3. I'm not from North Carolina, so I don't care if you are. What results do you create for your clients? There are thousands of marketing agencies. What's your speciality?
  4. Instead of linking to your entire portfolio, what companies can you point to specifically that are most similar to us?
  5. It doesn't look like you have a very good understanding of our company or the value you could provide us. Try being less assumptive with the call-to-action and ask me a question like, "Are you open to chatting about your marketing challenges?"

Want to see more feedback? Join the conversation on LinkedIn here.

Liking the guide so far?

Make sure to check out the REPLY Method guide so you can write effective cold emails. 

Email #6

Cold Email Breakdown #6 - Blissful Prospecting

From:

This email is from a SaaS company doing market research for their Urgent Care scheduling software. Their prospect is Office Managers.

Here's my feedback as their prospect:

  1. Remove. Cut the word count down to 70-100 (you're at 230+). Don't force me to skim the email. I'll delete it. Make the email short enough for me to read in a few seconds.
  2. I don't care about your job. What's in this for me? What other Urgent Cares have already taken the survey? I don't want to be your guinea pig.
  3. The gift card is not compelling enough. My biggest challenge is that I don't have enough time in the day to get everything done. The benefit of the survey is that it allows you to build a product that will save time or make my job easier. Focus on that. The gift card isn't the offer, it's the cherry on top.
  4. Remove.
  5. What do you want me to do? Take a survey? Hop on a call with you? Ask me a question I can easily respond to: "Are you interested in chatting about how we might be able to make your job less stressful?"

Want to see more feedback? Join the conversation on LinkedIn here.

Email #7

Cold Email Breakdown #7 - Blissful Prospecting

From:

This email was received by our client, a digital agency focusing on Drupal web development. The company who emailed them is 11+ employees and builds software and mobile apps.

Here's my feedback as their prospect:

  1. Subject line is too generic. What is the goal of your email? To partner up? If so, put "partnership" into the subject line, and use my first name.
  2. Remove this sentence. Don't say "float my email back up" or "follow up" in a follow up email. It doesn't compel me to take action and it takes up valuable real estate in the email.
  3. It's great that you've worked with Google and Amazon, but what did you help them accomplish? Why do they continue working with you? Share a result I care about...cost savings, speed of delivery, or increase in revenue.
  4. Asking a company to share their product roadmap in a cold email is a huge ask. Don't ask where you can add value, it's too open-ended. Make it easier for me to respond with a "yes" or “no." Try this CTA: "Is helping you [achieve XXX result] worth a chat?"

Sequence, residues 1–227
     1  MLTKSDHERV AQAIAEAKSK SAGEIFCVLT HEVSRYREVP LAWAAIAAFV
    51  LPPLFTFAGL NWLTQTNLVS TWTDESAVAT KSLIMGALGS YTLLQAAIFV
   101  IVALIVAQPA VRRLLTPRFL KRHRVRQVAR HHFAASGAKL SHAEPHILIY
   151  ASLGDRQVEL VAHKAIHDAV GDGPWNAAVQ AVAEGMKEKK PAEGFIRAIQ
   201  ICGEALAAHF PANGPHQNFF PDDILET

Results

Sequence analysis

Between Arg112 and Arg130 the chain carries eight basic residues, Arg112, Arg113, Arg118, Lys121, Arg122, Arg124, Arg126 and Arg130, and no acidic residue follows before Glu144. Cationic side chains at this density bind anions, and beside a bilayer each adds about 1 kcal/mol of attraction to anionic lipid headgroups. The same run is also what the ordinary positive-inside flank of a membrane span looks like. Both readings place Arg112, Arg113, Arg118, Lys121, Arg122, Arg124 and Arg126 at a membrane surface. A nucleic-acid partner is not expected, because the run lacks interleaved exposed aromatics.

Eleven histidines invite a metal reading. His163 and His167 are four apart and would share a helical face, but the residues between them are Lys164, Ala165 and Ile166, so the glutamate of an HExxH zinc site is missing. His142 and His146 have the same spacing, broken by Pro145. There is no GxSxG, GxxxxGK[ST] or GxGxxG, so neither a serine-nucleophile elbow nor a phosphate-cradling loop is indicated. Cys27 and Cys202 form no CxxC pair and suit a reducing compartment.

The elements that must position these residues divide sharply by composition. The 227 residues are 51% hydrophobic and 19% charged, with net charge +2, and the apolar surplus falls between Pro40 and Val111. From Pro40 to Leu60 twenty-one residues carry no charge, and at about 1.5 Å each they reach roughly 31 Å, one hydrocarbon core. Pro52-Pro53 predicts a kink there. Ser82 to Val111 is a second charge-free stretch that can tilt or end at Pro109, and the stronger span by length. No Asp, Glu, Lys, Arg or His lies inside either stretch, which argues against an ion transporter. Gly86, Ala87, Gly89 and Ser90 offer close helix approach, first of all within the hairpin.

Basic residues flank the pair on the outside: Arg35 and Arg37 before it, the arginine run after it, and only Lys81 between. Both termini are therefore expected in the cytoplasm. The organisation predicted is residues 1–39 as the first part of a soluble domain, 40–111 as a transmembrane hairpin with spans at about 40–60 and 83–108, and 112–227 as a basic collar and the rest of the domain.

5. Remove.

Want to see more feedback? Join the conversation on LinkedIn here.

Email #8

Cold Email Breakdown #8 - Blissful Prospecting

From:

I received this email from an 11+ employee agency specializing in B2B lead generation.

Here's my feedback as their prospect:

  1. Generic subject line. Add my first name. You can also try a variation of [your company] <> Blissful Prospecting.
  2. Don't open with a question. It reads like a sales page. Replace the first paragraph with something personalized. Doing this would likely discourage you from sending this email since we do appointment setting 😎
  3. I want to see one sentence with companies you've helped. And another sentence with tangible results you've created for them. If your service outperforms other marketing methods, show me how. Is it more cost-effective? Does it convert better? Does it increase our average revenue per client? Do you have a unique perspective or approach? Many companies do appointment setting. What sets you apart?
  4. Ask a question instead. I would respond to something like, "Interested in discussing how we might be able to help you help your clients?"

Want to see more feedback? Join the conversation on LinkedIn here.

Email #9

Cold Email Breakdown #9 - Blissful Prospecting

From:

I received this email from a 10+ employee agency specializing in content marketing services.

Here's my feedback as their prospect:

  1. This subject line worked 6 months ago, but too many people are using it now. The smiley face is unique, but include my first name and I'm more inclined to open the email: "Jason, great connecting on LinkedIn"
  2. You don't have to say, "I wanted to send over a quick introduction." Introduce yourself and get right to it. Why did you decide to reach out to me? Did you do your research? Show me.
  3. I have no idea what you're referring to. I never expressed interest in your services, and I'm not going to open up LinkedIn to check out our chat convo. What do you do? How do you help businesses like ours? Use this sentence to share more about who you help, and how you've helped them...preferably companies similar ours.
  4. The scheduling link is too assumptive. End with a CTA framed as a question: "Are you having any content marketing challenges at the moment?" Or, "Interested in talking further?"

Want to see more feedback? Join the conversation on LinkedIn here.

Email #10

Cold Email Breakdown #10 - Blissful Prospecting

From:

I received this email from a 60+ employee SaaS company specializing in agency reporting dashboards.

Here's my feedback as their prospect:

  1. I don't refer to myself as a "digital marketing professional." We don't run a marketing agency or use Google AdWords / Facebook Ads. Know how I talk about our industry and business in OUR language. If you can't get this right, I have no confidence that you understand our business.
  2. Call out a specific result you can create for us. "On average, our clients are able to grow their business by XXX% ." OR "Our clients are increasing their profit margins per client by XXX% on average using our tool."
  3. Choose a case study that's relatable to our business or industry. When I see "digital marketing agency for flooring" I immediately wonder, "What does this have to do with me?"
  4. Don't lead with price. Without a pitch or sales page, I have no idea if that's cost-effective or not.
  5. Put the scheduling link in the PS or ask if you can send over times to talk. It's less assumptive and converts better.

Want to see more feedback? Join the conversation on LinkedIn here.

Want more?

Need help with your cold emails? Let's chat.